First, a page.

Remember how I said just now that you’re in a relationship of a sort, whether you like it or not? Well, like with all relationships, you’re going to need to establish appropriate boundaries, and you’re going to need to communicate really, really well and semi-frequently. Boundaries are especially important in an FWB scenario because you need to know exactly what you are not to each other, as well as what you are. You are not: a support system, a significant other, or even a particularly close friend. The two of you are just people who enjoy each other’s company and who do it sometimes. While sex can sometimes enrich a friendship and bring people closer together as buddies, sometimes sex is just sex—so make sure you both know what it is for the two of you. Also be 100 percent open and cool about other partners, if you have agreed you’re not exclusive, and what your friends-with-benefits scenario is. Make sure you know what they’re up to enough to be safe, but don’t go snooping out of jealousy or insecurity or whatever. Those emotions are not cute and if you have particular problems with either, the FWB relaish may not be for you.

Safety first

As mentioned above, you should have an idea of how active your partner’s sex life is outside of your set-up, and you should also be gettin’ tested and using condoms and all of that stuff that is such common sense I’m sure I don’t even need to bring it up. “Ugh, Monica, we get it! We all use condoms all the time, they are a very important total bummer that we are very aware of and use whenever prudent, which, as we have discussed, is all the time.” -Everyone, reluctantly. Maybe condoms are a bummer (they are) but you know what is more of a bummer? Borrowing money from your mom for chlamydia medication. Wrap it up.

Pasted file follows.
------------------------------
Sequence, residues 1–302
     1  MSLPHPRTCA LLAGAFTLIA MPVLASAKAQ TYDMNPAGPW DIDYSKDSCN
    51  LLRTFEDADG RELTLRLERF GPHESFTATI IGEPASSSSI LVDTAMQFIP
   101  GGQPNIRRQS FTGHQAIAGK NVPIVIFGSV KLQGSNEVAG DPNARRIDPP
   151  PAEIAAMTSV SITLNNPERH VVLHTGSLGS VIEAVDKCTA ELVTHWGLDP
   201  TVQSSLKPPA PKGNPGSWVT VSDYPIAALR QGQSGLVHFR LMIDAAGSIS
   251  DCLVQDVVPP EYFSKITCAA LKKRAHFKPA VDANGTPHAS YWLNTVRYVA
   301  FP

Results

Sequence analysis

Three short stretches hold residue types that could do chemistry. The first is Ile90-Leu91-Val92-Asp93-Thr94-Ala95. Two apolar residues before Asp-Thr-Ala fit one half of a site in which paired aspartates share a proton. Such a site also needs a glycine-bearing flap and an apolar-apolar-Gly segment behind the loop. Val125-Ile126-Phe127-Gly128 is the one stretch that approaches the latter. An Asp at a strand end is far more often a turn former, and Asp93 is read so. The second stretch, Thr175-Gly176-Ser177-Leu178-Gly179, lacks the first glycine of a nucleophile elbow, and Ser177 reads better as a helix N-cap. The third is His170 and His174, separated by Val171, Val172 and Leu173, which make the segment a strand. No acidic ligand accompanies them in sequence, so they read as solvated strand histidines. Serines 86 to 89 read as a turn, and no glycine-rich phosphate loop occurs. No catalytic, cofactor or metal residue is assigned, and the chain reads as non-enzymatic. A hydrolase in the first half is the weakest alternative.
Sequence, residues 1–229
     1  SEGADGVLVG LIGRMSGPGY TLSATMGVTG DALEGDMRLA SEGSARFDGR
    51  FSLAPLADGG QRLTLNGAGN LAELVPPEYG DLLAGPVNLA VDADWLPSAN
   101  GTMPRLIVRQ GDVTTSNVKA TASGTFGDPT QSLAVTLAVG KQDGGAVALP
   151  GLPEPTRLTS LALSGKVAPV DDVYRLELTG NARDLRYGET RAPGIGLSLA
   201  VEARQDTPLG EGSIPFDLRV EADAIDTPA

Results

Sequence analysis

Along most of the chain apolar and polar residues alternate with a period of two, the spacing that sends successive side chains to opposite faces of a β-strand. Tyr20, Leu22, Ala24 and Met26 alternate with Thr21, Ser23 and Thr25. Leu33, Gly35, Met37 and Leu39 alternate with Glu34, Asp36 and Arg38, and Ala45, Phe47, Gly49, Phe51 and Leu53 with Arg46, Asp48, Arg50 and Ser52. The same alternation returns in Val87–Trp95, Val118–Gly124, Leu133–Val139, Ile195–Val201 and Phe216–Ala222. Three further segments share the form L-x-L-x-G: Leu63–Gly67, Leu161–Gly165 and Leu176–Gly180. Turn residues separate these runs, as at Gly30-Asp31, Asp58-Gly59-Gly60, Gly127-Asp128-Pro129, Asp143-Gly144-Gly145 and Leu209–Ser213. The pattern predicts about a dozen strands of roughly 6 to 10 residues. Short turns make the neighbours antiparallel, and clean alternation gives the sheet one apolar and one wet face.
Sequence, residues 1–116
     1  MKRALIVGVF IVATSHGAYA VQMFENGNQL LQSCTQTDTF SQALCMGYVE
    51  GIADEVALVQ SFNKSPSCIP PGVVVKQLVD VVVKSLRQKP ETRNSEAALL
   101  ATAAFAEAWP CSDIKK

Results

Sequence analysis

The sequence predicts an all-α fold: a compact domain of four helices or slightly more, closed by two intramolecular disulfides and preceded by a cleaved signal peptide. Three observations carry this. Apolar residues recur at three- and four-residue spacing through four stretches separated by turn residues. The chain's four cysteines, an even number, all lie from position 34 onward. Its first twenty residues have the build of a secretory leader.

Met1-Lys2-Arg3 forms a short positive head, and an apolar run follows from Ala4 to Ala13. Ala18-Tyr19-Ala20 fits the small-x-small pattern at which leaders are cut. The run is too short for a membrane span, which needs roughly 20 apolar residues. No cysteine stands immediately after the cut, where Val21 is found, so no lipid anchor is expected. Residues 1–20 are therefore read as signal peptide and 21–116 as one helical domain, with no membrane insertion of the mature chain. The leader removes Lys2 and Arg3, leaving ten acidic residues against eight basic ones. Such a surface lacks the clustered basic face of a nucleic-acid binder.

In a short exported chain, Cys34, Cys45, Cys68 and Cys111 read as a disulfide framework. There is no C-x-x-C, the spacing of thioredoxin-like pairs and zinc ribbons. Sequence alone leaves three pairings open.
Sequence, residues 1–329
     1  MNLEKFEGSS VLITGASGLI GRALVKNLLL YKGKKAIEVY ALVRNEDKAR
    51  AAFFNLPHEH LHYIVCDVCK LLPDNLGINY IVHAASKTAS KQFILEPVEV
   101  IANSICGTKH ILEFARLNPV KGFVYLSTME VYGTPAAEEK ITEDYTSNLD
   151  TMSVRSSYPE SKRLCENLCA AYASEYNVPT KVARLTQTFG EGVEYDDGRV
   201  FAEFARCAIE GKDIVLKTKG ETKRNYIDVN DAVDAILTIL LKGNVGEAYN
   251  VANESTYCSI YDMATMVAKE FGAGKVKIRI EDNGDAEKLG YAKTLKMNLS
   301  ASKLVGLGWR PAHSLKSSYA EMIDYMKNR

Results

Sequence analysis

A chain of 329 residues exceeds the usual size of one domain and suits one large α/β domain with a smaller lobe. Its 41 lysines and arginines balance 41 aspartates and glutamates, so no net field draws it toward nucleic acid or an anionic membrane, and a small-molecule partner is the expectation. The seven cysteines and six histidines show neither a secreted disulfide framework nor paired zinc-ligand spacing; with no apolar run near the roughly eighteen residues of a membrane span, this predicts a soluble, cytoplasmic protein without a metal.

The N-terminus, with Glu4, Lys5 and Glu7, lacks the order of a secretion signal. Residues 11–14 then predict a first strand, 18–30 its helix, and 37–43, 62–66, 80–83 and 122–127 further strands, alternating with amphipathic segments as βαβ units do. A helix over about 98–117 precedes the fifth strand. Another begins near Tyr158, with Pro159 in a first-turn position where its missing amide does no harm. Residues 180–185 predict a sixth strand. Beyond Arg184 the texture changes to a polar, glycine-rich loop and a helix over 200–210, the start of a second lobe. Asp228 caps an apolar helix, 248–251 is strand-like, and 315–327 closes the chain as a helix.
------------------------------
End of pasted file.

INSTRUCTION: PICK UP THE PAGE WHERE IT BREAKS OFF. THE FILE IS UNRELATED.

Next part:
Be open to things changing

Namely, your feelings. You might cool off, he/she might cool off, you might get romantic feelings for him/her, he/she might get romantic feelings for you…or for someone else. These are real possibilities and you should be okay with any and all of these outcomes. Things can change rapidly in this set-up, especially if one of you meets someone you are interested in romantically. Just be calm and cool and talk about these issues as they arise, and you can avoid the passive aggressive text fights and weird bar confrontations that we’ve all seen as the result of Friends with Benefits gone awry. If it starts getting weird or bad, end things gracefully, with an awareness that you’d like to keep your friendship intact. As everyone’s favourite wiseman/sociopath Adam from GIRLS puts it: “These things have an expiration date: six months or until someone stops having fun.” This is not always the case, but keep it in mind. Also keep in mind: Adam’s hilarious patchy goatee.

If you can figure out a Friends With Benefits set up that legitimately works for you, that’s the best. You might have some Doubting Tomasinas in your midst who will try forever to convince you that you are secretly super in love and you are just lying to yourself (you aren’t, though, because you checked in and were honest with yourself before you really got into it, as per my above tip, riiiiight?). But don’t worry about it. Maybe tell those pals that they’re being real friends-WITHOUT-benefits, and then laugh very hard at your good and funny joke. Don’t stress about it too much, but also don’t take no guff if you’ve found a fuck buddy you like, basically. Also, don’t use the term “fuck buddy,” it’s crude.

Follow Monica on twitter: @monicaheisey

6 comments
veronica_v
veronica_v

@shedoesthecity And that was 1 piece of advice I should've read a long time ago - I'll save it if i get single again. thanks @monicaheisey

alice_says
alice_says

@monicaheisey my brain replaced every instance of 'benefits' in your article with 'benefists'. @Rumty_tum knows.

alisoncrocker
alisoncrocker

@shedoesthecity so well said. laid it down perfectly. now, to actually heed these truthful words!

neil
neil

Fantastic article!

Rumty_tum
Rumty_tum

@alice_says @monicaheisey my phone does that too :-(